Banks and mobile operators have been vying to dominate the mobile payments space but Silicon Valley companies could end up reaping the richest rewards.The reason? It is not those that process the transactions but rather the companies that manage to leverage the rich information in the electronic trail clients leave behind – the so-called digital slipstream – that will win in the networked economy, say industry observers.
“Clients live in the digital slipstream,” says Dan Marovitz, a Deutsche Bank managing director and a scheduled speaker at Sibos, an annual banking industry conference taking place in Toronto, Canada, September 19 to 23. “The Internet companies bank their business on it. Banks ignore the slipstream at their peril.”
In the U.S. and Europe the mobile payments focus is on near field communications, or NFC, a technology that transforms mobile phones into electronic wallets. Mobile wallets connect with a merchant’s payment terminal and not only record the sale but offer a whole host of other services, such as customer loyalty cards and wirelessly transmitted coupons.
Successful entrants into the mobile payment space will need to think about new and different ways in which consumers might save and spend their money – “ways that have nothing to do with today’s default vendor run gimmicks such as loyalty cards “sales”, coupons and rewards that are meant to trap us, herd us and shake us down for more money,” Doc Searls, a Silicon Valley technology seer and a scheduled speaker at Sibos, says in a recent blog post. The real potential of mobile wallets is giving consumers “more control over how, why and where we spend (or actually save – as in a bank) our money," says Searls.
For banks looking to cater to customers in markets like the U.S. and Europe that might mean developing value-added mobile services based on both presence and preference, such as one that allows consumers in a store to instantly check whether they can afford – and how they might finance – a coveted big ticket item. Consumers will “pay for value, including services that make our wallets serve us,” says Searls.
But it is not just about getting consumers to pay for new services. Data about consumers is worth money – lots of it. Google makes money by leveraging its view on customer preferences – what they choose, browse, purchase, view, like, dislike, repeat, enjoy and ignore– whereas banks make money on and view the actual transaction. The margin banks make on domestic and cross-border transactions continues to plummet globally, notes Marovitz. Banks can’t protect margins by continuing to do the same thing when faced with regulatory changes, well-informed clients and a tough competitive environment, he says.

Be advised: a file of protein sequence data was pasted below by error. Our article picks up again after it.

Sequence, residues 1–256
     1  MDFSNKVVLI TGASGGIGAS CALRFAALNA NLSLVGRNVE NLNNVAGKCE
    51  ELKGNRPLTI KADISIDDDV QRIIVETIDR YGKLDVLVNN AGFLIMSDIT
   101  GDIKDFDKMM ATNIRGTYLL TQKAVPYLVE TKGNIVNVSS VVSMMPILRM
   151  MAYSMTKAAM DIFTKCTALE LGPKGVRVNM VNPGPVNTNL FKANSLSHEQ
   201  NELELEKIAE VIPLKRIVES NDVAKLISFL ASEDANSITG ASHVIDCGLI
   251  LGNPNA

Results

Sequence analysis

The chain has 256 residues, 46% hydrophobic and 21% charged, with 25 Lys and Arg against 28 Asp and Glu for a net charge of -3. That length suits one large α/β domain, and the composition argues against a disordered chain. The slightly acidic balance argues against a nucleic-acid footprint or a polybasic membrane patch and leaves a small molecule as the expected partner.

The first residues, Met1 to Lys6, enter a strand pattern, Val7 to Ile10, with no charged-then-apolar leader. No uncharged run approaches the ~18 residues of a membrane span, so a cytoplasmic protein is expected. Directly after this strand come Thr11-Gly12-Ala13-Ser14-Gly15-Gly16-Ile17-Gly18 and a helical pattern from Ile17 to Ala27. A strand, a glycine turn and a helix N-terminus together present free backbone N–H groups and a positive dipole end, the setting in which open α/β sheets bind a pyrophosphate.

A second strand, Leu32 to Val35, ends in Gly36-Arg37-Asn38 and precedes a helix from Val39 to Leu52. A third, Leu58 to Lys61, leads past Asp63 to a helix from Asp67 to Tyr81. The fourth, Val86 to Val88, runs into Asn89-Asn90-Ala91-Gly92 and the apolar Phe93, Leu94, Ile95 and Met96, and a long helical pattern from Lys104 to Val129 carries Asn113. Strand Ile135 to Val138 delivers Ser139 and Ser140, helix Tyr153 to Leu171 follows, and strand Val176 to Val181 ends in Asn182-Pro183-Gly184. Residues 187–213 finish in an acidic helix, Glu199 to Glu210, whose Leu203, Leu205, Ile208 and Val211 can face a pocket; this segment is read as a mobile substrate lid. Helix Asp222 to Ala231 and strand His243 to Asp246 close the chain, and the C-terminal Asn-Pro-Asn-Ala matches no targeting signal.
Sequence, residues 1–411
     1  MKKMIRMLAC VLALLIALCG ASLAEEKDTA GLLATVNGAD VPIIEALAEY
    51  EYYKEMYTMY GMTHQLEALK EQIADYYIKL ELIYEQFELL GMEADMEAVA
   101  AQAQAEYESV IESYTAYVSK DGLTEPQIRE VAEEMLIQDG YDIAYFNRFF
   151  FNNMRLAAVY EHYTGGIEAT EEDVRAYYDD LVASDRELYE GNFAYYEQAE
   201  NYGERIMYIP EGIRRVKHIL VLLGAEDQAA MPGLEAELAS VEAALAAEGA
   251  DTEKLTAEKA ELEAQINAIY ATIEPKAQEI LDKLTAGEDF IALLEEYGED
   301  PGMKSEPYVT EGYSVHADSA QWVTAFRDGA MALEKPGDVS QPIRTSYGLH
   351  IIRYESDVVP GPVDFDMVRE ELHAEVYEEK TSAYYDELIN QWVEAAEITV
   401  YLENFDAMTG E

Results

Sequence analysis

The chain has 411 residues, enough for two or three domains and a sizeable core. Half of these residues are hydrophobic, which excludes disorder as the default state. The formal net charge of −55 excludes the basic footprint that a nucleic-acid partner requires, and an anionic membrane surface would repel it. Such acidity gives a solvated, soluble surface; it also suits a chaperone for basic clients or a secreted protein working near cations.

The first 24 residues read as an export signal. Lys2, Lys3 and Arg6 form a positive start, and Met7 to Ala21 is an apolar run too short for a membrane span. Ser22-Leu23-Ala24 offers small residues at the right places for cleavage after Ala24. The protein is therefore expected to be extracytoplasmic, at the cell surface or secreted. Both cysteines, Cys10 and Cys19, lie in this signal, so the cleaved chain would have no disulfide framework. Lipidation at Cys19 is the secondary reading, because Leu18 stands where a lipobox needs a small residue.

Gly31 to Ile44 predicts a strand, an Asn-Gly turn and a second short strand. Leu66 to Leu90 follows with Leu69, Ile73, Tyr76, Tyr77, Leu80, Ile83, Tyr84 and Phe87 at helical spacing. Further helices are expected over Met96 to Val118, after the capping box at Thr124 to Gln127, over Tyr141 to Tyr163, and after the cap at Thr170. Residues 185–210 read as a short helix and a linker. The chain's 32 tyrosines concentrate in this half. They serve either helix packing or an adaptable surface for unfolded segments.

He urges banks to follow the example of Silicon Valley companies like Google. The search engine giant, which is set to launch its NFC-based mobile wallet service this Fall, has already received backing from a number of retail and financial service companies. While lack of hardware and a sole telecom partner will limit its initial reach, industry observers say Google is in a very strong position to become as powerful a facilitator of physical world transactions as it is online.
Ditto for Apple. More than 200 million people already have Apple iTunes accounts tied to credit cards with one-click purchase capability and the company has reportedly filed patents for a smart wallet. Apple “is going to be a serious force,” predicts Mark Beccue, an analyst at New York based ABI Research.
For its part, PayPal, now owned by online auctioneer eBay, is already making $3 billion a year in mobile payments and expects to grow that business to $7.5 billion by 2013, says Martin Herbst, director of operations and strategy for PayPal Mobile. The company is rolling out mobile applications that allow for point-of-sale transactions at 500 pizza shops in the UK and some 3,000 retail outlets in the Netherlands.
Then there is Square, launched by Twitter co-founder Jack Dorsey. Earlier this year Square announced a new app called Card Case, which allows consumers, after a one-time manual registration process, to open a tab at a particular merchant to pay for in-store purchases via an iPhone app instead of swiping their credit cards.The app can be used to see what's for sale and to review receipts and purchase history and includes a directory of stores nearby that accept Square.
Banks are not ceding the market. For example, BNP Paribas and Credit Mutuel CIC banks are participating in a large-scale trial of NFC-based payment systems in France, paying four French mobile operators to host the payment application on their SIM cards.
And, in the U.S. banks have fought to become part of ISIS, a mobile wallet initiative led by AT&T, T-Mobile and Verizon. Initially, ISIS hoped to capture the entire customer transaction without including banks in the program , says Ryan Hughes, ISIS’s chief marketing officer. The banks pushed back so ISIS, which will be paid a fee for hosting payment cards in its wallet, now includes Visa, Mastercard, American Express and Discover.
But a Bank of America or a Deutsche Bank is big enough in its home market to launch its own consumer-facing mobile app services and reap bigger rewards from mining the data, argues Marovitz. Banks have to decide whether to leverage the digital slipstream to do more, he says, or watch potential profits slip away.
–-Informilo Editor-in-Chief Jennifer L. Schenker contributed reporting to this story.